“We currently experience an unusually strong El Niño event every 20 years. Our research shows this will double to one event every 10 years,” said Dr. Agus Santoso, a climate researcher with the ARC Centre of Excellence for Climate System Science. The international research team also included scientists with the National Oceanic and Atmospheric Administration. Continue reading
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Posted on December 17, 2013 by Bob Berwyn
Cool U.S. readings the exception in a record-warm month
Planet Earth record-warm in November 2013. Graphic courtesy NASA.
FRISCO — November’s cool temperatures across parts of North America were the exception, as the rest of globe reported all-time record warmth for the month. According to the National Climatic Data Center’s monthly update, the average global temperature was 1.40 degrees Fahrenheit above the 20th century average.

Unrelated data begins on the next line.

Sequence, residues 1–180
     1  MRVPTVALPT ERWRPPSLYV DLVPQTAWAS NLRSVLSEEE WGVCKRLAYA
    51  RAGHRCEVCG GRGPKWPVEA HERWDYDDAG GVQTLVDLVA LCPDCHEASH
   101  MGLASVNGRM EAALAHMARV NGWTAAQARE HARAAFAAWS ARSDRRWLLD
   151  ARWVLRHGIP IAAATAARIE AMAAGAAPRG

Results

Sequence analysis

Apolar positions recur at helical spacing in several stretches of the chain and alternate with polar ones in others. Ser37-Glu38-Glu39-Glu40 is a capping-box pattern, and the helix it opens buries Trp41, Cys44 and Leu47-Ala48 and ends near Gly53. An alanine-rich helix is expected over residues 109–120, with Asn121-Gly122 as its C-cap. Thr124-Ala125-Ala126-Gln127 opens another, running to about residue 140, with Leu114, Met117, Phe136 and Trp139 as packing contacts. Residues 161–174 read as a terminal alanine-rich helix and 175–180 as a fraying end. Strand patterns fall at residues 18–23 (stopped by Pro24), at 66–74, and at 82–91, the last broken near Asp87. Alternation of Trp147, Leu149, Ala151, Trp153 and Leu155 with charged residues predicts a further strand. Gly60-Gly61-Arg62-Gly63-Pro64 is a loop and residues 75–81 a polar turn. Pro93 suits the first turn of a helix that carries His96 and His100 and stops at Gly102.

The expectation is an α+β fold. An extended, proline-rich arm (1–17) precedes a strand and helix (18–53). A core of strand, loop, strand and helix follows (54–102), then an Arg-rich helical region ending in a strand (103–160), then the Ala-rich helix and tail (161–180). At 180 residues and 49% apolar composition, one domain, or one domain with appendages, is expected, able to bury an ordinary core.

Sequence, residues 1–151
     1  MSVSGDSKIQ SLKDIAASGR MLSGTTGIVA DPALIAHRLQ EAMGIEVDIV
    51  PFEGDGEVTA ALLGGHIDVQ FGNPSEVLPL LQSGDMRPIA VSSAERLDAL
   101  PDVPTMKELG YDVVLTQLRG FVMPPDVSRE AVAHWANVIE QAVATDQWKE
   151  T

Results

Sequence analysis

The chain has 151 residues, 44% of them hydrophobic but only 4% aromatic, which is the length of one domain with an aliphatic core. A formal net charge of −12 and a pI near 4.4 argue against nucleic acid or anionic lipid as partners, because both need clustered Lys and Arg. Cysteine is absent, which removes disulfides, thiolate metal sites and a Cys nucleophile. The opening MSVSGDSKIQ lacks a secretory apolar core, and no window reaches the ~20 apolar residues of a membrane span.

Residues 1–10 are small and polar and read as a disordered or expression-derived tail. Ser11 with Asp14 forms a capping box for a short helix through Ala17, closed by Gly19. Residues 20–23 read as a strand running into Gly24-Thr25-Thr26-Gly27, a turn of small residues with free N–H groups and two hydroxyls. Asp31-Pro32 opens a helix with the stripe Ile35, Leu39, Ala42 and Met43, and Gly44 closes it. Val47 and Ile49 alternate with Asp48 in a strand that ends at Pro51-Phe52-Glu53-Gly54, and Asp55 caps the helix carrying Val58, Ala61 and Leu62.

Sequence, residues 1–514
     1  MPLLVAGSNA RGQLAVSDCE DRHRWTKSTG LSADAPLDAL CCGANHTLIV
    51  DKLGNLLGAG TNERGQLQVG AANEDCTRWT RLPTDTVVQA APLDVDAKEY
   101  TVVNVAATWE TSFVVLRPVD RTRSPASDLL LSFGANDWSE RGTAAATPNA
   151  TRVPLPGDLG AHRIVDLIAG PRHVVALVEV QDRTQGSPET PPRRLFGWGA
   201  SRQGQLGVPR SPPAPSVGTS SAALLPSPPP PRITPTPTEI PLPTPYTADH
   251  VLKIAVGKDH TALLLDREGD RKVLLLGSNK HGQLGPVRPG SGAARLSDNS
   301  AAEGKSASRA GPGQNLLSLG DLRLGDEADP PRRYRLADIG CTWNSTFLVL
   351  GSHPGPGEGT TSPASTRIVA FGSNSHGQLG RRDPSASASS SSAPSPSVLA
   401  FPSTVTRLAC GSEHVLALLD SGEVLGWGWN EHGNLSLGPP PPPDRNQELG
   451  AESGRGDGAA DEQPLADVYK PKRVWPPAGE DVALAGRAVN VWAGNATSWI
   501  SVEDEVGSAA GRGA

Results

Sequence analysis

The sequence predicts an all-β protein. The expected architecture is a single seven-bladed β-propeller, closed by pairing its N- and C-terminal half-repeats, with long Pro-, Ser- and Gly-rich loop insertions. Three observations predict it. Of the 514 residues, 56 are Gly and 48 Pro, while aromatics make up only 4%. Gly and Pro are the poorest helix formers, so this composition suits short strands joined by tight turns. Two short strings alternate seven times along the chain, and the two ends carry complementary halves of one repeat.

Many regions saw all-time record highs, including southern Russia, northwest Kazakhstan, south India, southern Madagascar, parts of the central and south Indian Ocean, and sections of the Pacific Ocean.
Northern Australia, parts of North America, south west Greenland, and parts of the Southern Ocean near South America were cooler than average, but no regions of the globe were record cold during November. Read the full report here. Continue reading
Filed under: climate and weather, El Niño, global warming, La Niña, seasons, Snow and weather | Tagged: climate, global warming, National Climatic Data Center, National Oceanic and Atmospheric Administration, NOAA, November 2013 global temperatures | Leave a comment »
Posted on November 22, 2013 by Bob Berwyn
NOAA’s winter outlook offers little relief for Arizona, New Mexico
By Bob Berwyn